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How Apple Is Trying to Become More than the "iPhone Company"

Benjamin Rains
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Apple AAPL posted strong iPhone segment revenues once again in the first quarter of fiscal 2018. However, while some investors continue to focus on its flagship product, Apple has bolstered other divisions in order to secure a more stable future, and none seems to be important than its Services segment.

Recent Acquisition 

The company announced on Monday that it will acquire Next Issue Media LLC’s digital magazine subscription service, Texture. This app rolls over 200 different magazines subscriptions into one monthly service and has appeared in Apple’s app store for years.

It is unclear how much Apple paid for Texture, or how much revenue the latest addition to its Services division might bring in, but what is clear is that Apple knows it has to become more than an iPhone company.

Q1 2018

Last quarter, the company posted revenues of $88.29 billion, which marked 13% growth and represented an all-time record. The company also posted record quarterly earnings, driven in part, by increased international sales.

However, iPhone sales accounted for 69.7% of total quarterly revenues. On top of that, at 77.32 million, iPhone unit sales came in nearly 2.5 million under our estimates. This miss not only occurred during the vitally important holiday quarter, but also during the first full period that Apple’s new high-priced iPhone X was on the market.  

Apple knows that if it wants to compete long-term it has to change some of its tactics, especially in emerging markets where the costs of its smartphones are often not competitive, much less affordable. Even in the North American market, it is hard to envision a scenario where the iPhone is held in such high esteem in perpetuity.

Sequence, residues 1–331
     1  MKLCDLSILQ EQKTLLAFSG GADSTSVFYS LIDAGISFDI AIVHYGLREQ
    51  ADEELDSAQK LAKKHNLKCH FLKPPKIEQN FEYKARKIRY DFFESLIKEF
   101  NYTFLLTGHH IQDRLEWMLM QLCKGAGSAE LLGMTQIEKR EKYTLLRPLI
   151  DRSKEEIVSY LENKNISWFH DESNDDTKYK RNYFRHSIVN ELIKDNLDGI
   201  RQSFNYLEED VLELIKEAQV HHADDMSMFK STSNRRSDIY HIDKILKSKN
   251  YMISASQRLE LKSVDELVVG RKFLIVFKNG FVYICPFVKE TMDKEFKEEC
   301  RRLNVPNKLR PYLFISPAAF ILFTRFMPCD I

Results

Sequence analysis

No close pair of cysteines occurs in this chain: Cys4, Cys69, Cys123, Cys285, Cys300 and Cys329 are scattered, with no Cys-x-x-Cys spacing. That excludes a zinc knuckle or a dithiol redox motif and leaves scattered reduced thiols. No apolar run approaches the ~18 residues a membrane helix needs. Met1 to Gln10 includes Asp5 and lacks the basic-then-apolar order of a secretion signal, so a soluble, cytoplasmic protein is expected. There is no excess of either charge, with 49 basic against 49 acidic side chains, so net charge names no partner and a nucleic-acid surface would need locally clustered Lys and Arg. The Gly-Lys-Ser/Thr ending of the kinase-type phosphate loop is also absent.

This is where Apple investors should be encouraged by the expansion of its Services segment, which includes Apple Music, Apple Pay, iTunes, AppleCare, and much more.

Apple’s Services revenues surged 18% year over year to hit $8.47 billion in Q1. Services sales only accounted for roughly 9.5% of total sales, but the segment expanded more quickly than iPhone, iPad, and Mac sales, while also generating more revenue than the latter two.

Upcoming Quarter

Apple expects to report revenues between $60 billion and $62 billion in its upcoming second quarter. Our current Zacks Consensus Estimate calls for the company to post revenues of $61.42 billion, which would mark a 16% surge.

Apple’s effort to expand its business beyond the iPhone is also not expected to hurt its bottom line, as its EPS figure it projected to jump by over 29% to reach $2.71 per share.

Bottom Line

Investors should know that Services generated a total of $30 billion in fiscal 2017, and Apple hopes to push that figure up to $40 billion by 2020.

Apple did not provide a segment-by-segment breakdown of revenue projections for the second quarter, but here at Zacks we can use our exclusive non-financial metrics consensus estimate file to project how much Services will pull in this quarter.

This data is not yet available, but it will be once Apple’s current fiscal quarter officially ends, so make sure to check back in at the end of March for more!

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